Last September, the CEOs of four of the biggest tech companies in the U.S. faced the House Antitrust Subcommittee.

At that meeting, the CEOs of Alphabet, Amazon, Apple and Facebook (the only one missing was Microsoft's Satya Nadella) were grilled on a wide range of subjects under the broad umbrella of an anti-trust probe.

Then in October, the CEOs of Facebook, Google and Twitter all faced lawmakers again, this time to defend the legal liability shield that underpins their business models. At the end of February 2021, the judiciary committee's antitrust subcommittee met again to hear testimony from companies and other parties that claim they have been mistreated by the tech giants. And later this month, the bosses of Twitter, Google and Facebook will appear again in front of the House Energy and Commerce Committee, which is looking at the way misinformation is posted and spread by their platforms.

All of this is only on the U.S. side of the Atlantic. Cases against all these companies have already been tested in Europe with several stiff fines handed down by the European Union for anti-competitive behaviors or privacy infringements. 

The charge on big tech is coming from two directions: privacy enforcement and anti-trust probes. There has also been discussion of the size of these companies and whether they should be allowed to continue to exist in their present form, but it's far from clear what actions legislators can take and whether it will have any impact on the business models of these companies.

Breaking Up Big Tech Won’t Work

Breaking up big tech firms will do little to change the business model that enabled Facebook, Google, and the rest to become titans, said Sharon Polsky, president of the Privacy & Access Council of Canada, an independent professional association that offers advice on data governance and access, because their growth was enabled by laws that have nothing to do with competition or consumer protection.

“Breaking the companies apart will only create a greater number of companies that will be able to do more of the same thing and obtain consumer consent according to the requirements of the GDPR, CCPA and PIPEDA (and other existing and proposed privacy laws),” she said. “That essential feature has enabled Facebook, Google to become what they are and spawned an entire industry of data brokers, now estimated to number in the thousands.”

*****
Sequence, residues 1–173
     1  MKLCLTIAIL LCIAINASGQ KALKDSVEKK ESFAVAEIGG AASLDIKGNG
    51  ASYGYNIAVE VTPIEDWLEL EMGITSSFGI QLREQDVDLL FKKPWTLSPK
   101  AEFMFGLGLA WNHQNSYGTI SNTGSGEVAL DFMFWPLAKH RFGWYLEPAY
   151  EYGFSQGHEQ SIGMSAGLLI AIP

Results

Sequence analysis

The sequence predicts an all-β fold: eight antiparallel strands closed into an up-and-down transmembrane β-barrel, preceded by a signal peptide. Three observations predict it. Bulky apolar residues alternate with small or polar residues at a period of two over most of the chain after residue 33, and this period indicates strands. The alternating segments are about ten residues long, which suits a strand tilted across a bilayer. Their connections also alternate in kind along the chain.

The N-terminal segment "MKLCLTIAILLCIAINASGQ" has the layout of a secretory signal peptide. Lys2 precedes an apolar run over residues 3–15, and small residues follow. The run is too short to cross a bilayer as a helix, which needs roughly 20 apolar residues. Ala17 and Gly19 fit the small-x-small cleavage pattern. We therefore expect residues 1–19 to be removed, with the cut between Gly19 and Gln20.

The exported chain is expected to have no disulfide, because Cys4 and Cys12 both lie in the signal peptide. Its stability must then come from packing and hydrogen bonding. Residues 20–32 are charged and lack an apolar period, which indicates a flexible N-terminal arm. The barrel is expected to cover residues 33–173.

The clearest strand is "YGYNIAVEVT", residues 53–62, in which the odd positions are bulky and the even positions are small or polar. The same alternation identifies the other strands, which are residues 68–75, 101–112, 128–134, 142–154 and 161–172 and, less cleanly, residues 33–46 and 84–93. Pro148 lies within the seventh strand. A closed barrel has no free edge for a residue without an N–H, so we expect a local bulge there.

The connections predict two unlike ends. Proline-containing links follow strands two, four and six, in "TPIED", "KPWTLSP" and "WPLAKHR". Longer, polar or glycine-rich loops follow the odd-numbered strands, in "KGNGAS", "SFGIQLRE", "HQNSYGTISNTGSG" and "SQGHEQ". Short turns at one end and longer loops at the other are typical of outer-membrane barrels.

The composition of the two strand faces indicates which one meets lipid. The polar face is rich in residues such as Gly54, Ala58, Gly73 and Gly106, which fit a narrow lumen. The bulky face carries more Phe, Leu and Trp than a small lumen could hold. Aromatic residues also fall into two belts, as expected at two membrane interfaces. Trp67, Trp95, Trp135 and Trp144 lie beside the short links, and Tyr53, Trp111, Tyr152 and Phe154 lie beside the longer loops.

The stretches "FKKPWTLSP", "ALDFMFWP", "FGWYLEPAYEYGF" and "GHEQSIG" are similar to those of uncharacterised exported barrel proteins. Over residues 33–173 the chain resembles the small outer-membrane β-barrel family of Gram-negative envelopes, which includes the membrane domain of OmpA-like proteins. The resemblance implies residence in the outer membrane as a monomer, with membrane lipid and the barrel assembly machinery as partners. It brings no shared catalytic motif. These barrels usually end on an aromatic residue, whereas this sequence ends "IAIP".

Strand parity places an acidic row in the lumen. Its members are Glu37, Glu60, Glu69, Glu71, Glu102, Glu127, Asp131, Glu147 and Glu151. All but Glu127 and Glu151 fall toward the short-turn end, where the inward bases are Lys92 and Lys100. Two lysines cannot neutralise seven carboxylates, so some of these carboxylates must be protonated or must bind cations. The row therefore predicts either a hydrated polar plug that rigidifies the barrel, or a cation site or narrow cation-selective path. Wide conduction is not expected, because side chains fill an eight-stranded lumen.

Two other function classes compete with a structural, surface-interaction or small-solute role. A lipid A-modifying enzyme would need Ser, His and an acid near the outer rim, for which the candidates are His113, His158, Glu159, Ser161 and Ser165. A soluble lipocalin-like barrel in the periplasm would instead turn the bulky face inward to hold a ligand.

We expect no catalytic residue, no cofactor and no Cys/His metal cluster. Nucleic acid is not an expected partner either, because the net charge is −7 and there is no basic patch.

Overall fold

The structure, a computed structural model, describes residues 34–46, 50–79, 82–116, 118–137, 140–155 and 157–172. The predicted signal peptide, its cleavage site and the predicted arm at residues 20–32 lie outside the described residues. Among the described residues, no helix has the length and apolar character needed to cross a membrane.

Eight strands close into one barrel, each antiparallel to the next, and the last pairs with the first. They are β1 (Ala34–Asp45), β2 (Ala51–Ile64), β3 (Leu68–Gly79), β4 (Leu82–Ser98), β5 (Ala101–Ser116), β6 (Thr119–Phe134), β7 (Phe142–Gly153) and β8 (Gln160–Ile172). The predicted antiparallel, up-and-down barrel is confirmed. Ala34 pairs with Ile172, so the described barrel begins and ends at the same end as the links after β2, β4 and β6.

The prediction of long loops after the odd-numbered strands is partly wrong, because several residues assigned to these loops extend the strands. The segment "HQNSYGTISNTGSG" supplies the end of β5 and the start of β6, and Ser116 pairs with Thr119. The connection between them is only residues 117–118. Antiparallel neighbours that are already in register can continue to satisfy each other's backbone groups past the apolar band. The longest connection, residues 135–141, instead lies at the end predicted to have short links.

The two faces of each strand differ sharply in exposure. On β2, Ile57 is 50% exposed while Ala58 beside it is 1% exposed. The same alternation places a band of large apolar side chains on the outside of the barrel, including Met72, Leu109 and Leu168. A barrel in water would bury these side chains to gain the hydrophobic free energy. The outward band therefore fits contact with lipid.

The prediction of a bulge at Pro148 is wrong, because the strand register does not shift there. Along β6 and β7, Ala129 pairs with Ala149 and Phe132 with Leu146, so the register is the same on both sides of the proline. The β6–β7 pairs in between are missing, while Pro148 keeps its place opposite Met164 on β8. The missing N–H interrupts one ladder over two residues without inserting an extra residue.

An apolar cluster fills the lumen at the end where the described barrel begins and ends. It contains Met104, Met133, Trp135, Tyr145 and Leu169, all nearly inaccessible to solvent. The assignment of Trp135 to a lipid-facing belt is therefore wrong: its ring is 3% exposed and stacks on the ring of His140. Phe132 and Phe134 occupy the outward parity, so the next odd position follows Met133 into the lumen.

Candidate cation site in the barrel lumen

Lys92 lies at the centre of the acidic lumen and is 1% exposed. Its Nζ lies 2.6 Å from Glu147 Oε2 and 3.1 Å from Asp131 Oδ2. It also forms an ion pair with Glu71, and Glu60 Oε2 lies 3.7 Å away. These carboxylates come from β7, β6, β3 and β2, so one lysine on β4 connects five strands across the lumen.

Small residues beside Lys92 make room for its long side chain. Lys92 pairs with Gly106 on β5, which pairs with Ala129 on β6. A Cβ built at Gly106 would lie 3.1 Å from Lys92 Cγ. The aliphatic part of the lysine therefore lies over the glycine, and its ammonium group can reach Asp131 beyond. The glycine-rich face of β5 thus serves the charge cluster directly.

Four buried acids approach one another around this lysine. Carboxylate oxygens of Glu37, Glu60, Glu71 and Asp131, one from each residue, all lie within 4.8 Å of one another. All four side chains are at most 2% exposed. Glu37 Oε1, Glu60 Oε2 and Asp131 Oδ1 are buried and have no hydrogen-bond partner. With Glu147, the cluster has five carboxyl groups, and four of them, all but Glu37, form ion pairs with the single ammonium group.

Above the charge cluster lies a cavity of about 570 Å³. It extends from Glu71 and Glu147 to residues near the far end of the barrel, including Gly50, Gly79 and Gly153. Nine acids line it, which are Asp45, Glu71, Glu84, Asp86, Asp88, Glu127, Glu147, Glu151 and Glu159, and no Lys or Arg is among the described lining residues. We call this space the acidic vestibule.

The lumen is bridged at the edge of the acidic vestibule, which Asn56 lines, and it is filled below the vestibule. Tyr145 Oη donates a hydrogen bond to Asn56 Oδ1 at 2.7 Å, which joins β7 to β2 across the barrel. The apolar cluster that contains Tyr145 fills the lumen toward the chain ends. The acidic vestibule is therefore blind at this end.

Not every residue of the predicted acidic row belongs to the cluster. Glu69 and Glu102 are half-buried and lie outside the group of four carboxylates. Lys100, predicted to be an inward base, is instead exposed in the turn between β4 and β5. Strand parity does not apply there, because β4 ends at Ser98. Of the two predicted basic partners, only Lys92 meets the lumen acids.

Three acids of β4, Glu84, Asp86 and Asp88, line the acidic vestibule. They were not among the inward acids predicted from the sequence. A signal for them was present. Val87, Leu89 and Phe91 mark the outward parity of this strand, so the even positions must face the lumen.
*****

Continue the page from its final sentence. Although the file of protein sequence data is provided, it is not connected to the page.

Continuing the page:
The essence of the problem from the consumer viewpoint is that the current consent model gives consumers the illusion of control over their information. Polsky said that illusion is perpetuated in proposed legislation that merely requires consent provisions be in plain language to enable consumers to understand how their information is collected and used. Consent clauses that span multiple pages are seldom read, so organizations collecting personal information are doing so in violation of the privacy laws that require consumers to give informed consent.

She added that consent provisions that are written in a few paragraphs of plain language are no better if they require nothing more specific than explanation that might says something like: “We collect personal information from you and about you, and it might include information that reveals or includes preferences, beliefs, opinions, demographic, health, behavioral, or biometric information.”

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Traditional Regulation Won’t Work Either

Traditional methods of regulation are not likely to work on big tech firms as they have for other industries. Common forms of public utility regulation, including price controls like those imposed against electric and gas companies, and attempts to break up large firms will not happen, said Harriet Chan, co-founder of Singapore-based software development company CocoSign.

Breaking up a company like Facebook, where the business model relies at its core on creating a large network to connect everyone on a single platform, could ruin the business itself and harm customers. However, some forms of antitrust regulation could take aim at the scale of those companies and their ability to retain market dominance.